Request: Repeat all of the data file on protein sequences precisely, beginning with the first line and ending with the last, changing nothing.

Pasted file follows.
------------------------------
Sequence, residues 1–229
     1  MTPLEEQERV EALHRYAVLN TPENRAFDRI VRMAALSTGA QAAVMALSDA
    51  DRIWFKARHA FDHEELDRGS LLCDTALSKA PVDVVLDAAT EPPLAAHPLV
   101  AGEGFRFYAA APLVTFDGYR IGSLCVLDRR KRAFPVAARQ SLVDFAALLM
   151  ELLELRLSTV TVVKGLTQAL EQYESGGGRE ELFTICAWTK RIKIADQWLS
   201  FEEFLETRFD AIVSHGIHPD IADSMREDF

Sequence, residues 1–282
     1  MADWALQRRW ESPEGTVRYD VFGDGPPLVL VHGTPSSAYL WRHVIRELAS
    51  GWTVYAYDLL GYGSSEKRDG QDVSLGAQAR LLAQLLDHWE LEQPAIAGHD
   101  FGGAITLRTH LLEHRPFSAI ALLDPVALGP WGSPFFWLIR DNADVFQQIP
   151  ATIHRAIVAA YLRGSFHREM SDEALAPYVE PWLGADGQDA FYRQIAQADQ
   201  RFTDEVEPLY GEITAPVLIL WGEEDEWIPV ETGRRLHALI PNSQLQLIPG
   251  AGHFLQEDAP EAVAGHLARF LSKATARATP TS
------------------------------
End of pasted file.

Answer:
Sequence, residues 1–229
     1  MTPLEEQERV EALHRYAVLN TPENRAFDRI VRMAALSTGA QAAVMALSDA
    51  DRIWFKARHA FDHEELDRGS LLCDTALSKA PVDVVLDAAT EPPLAAHPLV
   101  AGEGFRFYAA APLVTFDGYR IGSLCVLDRR KRAFPVAARQ SLVDFAALLM
   151  ELLELRLSTV TVVKGLTQAL EQYESGGGRE ELFTICAWTK RIKIADQWLS
   201  FEEFLETRFD AIVSHGIHPD IADSMREDF

Sequence, residues 1–282
     1  MADWALQRRW ESPEGTVRYD VFGDGPPLVL VHGTPSSAYL WRHVIRELAS
    51  GWTVYAYDLL GYGSSEKRDG QDVSLGAQAR LLAQLLDHWE LEQPAIAGHD
   101  FGGAITLRTH LLEHRPFSAI ALLDPVALGP WGSPFFWLIR DNADVFQQIP
   151  ATIHRAIVAA YLRGSFHREM SDEALAPYVE PWLGADGQDA FYRQIAQADQ
   201  RFTDEVEPLY GEITAPVLIL WGEEDEWIPV ETGRRLHALI PNSQLQLIPG
   251  AGHFLQEDAP EAVAGHLARF LSKATARATP TS